Spoiler alert: Parents can't (always) read your mind

Originally Appeared in : 9911-5/23/19

Our family is not very adept at presenting “spoiler free” reviews of films.


Following Jesse’s spoiler to Magan of Han Solo’s death way back in 2015, every subsequent trip to the theater was preempted with, “We don’t say a word. Do you understand?”


I made that statement no fewer than three times (twice in the car, once in line for tickets and popcorn), and got head nods and “Yes sirs” from everyone, even my brother Josh, as we headed in to see the new Avengers flick.


At a whopping three hours and two minutes, it was all I could do to keep Eli in his seat and Jesse from overanalyzing every scene. There were plenty of explosions, entirely too much popcorn consumed on Simon and Josh’s side of the aisle, and tears shed for the final 10-15 minutes of the film.


When the film let out, I steered all of my crowd (except for Josh. Still not quite sure where he’s at as of the penning of the missive but he’ll be fine) away from the throng clogging the doorway to the men’s room on the hopes that “our bathroom is only five minutes away, okay?”


As we got closer to the car, I noticed my yellow-haired, overthinker sniffling slightly and wiping tears from his eyes. Sure that watching (spoiler) die toward the end of the film had made Jesse existentialize himself into a tizzy I said, “What’s the matter?”


“Nothing,” he said.


“Go ahead, you can tell me. It’s okay,” I prodded.


“I’m fine,” Jesse continued, turning his head to hide more tears.


“Dad, this isn’t our car,” Noah said, as I mindlessly hit the unlock button to no response from our Kia doppelganger in the side parking lot.


“Sorry,” I said. “Alright Jesse, tell me what’s the matter.”


“It’s nothing. I’m fine.”


I swooped him up, legs and all (he’s a beanpole) and held him close to hopefully spur a response.


“I don’t want to talk about it,” he said.


“I’m not going to stop hugging you until you do,” I said.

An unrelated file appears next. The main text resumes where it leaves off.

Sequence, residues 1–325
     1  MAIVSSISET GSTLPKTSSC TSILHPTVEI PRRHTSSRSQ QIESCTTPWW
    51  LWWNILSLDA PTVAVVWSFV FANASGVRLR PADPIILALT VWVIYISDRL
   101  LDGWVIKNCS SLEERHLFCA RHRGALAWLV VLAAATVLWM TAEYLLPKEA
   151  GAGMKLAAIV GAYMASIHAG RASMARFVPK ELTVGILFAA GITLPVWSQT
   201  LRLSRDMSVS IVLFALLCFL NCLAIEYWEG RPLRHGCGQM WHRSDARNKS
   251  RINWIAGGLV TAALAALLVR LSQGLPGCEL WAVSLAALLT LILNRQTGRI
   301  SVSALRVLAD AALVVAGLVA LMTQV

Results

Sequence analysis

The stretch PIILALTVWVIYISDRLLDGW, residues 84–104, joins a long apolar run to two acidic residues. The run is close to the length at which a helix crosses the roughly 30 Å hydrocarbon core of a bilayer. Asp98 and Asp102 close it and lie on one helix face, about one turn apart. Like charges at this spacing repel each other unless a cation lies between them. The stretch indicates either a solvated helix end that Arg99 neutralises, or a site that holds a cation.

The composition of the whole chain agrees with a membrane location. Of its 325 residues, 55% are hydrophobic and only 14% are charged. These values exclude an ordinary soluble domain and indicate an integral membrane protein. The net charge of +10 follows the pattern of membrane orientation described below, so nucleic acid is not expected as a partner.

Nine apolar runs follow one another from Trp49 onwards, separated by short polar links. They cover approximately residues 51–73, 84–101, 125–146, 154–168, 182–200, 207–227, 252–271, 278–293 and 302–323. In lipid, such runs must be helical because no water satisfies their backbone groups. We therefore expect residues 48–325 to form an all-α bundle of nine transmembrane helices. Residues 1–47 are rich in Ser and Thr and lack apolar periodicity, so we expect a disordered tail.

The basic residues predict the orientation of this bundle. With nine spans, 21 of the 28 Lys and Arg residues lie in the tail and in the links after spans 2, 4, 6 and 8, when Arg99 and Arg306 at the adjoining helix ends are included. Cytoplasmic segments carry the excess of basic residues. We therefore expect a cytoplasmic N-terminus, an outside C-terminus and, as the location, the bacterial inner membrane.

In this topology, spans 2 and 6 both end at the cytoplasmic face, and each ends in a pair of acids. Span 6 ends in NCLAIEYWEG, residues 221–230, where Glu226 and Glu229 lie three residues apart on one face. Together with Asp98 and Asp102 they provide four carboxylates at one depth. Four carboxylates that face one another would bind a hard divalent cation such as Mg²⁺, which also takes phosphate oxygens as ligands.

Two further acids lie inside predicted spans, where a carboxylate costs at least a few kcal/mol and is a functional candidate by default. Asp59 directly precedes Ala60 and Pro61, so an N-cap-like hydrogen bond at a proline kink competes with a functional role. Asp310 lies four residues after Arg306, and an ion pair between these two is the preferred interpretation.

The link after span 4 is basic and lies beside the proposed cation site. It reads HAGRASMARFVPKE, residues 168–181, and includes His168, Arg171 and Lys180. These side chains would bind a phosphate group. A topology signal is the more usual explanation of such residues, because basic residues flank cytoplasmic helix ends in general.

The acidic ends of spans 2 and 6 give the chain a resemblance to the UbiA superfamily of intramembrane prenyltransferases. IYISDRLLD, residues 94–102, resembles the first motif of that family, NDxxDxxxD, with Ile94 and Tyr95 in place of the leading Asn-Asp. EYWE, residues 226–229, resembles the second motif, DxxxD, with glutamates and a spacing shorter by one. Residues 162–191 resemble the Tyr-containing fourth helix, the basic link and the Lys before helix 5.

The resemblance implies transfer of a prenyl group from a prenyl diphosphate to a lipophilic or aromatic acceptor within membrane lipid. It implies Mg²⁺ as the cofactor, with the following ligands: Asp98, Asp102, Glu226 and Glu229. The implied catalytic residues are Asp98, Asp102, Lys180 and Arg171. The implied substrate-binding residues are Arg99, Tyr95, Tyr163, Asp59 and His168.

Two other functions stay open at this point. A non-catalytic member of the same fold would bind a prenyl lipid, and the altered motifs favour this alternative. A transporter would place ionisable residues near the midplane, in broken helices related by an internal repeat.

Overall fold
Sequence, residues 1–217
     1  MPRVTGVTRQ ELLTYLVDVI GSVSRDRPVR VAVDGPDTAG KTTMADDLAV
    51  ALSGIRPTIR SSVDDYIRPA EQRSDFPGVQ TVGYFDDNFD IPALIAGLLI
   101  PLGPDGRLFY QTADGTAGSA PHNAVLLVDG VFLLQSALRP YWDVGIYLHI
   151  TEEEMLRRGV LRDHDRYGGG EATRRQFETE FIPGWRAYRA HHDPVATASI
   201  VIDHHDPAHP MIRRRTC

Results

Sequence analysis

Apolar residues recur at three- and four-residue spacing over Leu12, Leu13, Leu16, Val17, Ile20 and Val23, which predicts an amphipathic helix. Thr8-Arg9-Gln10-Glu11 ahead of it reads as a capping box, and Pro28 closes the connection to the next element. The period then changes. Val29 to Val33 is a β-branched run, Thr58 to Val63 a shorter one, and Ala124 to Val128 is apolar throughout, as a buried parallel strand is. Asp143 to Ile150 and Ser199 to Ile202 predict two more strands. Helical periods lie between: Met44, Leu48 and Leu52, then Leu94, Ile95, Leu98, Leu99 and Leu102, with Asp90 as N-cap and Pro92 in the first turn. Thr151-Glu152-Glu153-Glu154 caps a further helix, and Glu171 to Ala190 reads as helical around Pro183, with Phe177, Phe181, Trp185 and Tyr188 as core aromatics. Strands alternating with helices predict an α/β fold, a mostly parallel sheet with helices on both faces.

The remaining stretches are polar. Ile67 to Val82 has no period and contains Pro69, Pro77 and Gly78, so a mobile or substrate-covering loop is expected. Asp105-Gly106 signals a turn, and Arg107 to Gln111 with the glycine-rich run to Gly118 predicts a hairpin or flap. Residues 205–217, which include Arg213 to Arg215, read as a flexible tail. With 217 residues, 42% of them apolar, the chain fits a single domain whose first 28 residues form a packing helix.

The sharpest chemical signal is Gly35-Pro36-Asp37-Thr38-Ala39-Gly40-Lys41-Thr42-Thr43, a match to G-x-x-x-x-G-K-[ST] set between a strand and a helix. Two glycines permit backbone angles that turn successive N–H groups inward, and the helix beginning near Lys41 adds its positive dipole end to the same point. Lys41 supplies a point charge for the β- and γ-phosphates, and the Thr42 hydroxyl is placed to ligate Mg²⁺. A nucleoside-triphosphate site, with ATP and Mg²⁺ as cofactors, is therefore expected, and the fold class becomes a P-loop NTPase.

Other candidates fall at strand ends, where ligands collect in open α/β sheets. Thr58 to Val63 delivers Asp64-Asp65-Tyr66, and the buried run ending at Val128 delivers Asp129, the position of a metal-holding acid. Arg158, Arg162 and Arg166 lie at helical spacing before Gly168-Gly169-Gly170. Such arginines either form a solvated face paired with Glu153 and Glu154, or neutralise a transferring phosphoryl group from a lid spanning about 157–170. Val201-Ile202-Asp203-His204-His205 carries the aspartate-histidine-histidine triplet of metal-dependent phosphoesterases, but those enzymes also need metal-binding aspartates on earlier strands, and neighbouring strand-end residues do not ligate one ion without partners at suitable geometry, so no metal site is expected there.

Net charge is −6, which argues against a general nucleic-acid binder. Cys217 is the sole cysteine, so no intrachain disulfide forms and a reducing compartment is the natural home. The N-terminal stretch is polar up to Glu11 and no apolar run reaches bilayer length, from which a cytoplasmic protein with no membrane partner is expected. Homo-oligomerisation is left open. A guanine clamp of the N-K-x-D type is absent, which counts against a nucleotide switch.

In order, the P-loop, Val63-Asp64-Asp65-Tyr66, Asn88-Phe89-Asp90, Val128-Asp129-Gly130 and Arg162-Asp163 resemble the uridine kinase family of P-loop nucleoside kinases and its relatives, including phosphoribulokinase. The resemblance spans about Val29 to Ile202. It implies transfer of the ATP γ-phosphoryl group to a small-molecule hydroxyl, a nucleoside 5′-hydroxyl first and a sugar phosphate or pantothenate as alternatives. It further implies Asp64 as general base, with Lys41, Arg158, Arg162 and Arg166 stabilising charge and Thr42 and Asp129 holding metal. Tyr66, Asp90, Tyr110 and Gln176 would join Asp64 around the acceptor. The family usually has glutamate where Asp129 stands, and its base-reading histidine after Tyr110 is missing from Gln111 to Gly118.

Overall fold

“You’re laughing,” Jesse said in defiance.


“No, I’m just sure I know what’s the matter, and you won’t tell me.”


This went on for a moment or two more as the rest of the boys watched from the car until I wore down his defenses just like (spoiler) did at the conclusion of Avengers, and I was ready for him to admit the death had made him emotional.


“It’s just that...It’s...just that I lost my PEZ machine and it’s gone forever. And it was the Darth Vader one mommy got me like seven years ago.”


“Seven years ago? I don’t think so,” Noah said and offered to run back into the theater to retrieve the fallen candy dispenser.


As parents, we tend to think we know all of the ins and outs, ups and downs, highs and lows of our children. They are the fruit of our loins, and not somebody else’s after all.
Jesse proved that, try as I might, I really didn’t have a clue what had actually made him upset. The lesson to be learned is that we won’t always know what upsets our children, or anyone for that matter, but in our work as Christians to walk closer to God, we are called to emulate his empathy and compassion.


1 Peter 3:8 calls for just that by saying, “Finally, all of you, be like-minded, be sympathetic, love one another, be compassionate and humble.”


“So, how was the movie?” Magan said over the car speakers as the black head of the former Anakin Skywalker poked out of Jesse’s clenched fist.


“It was good,” I said. “I’ve sworn them all to secrecy.”


“It’s okay, you can tell me,” she said, stirring a look of confusion as I rounded the corner for home. “You know I like to read the end of the books, anyway. It won’t spoil it for me.”


So I guess we need to tell her how (spoiler) saved the day and (spoiler) lived happily ever after, after all. And, next time, we’re only sneaking in Starbursts.


Jason Halcombe has five sons and two daughters. He and his wife, Magan, are members of Immaculate Conception Church, Dublin.

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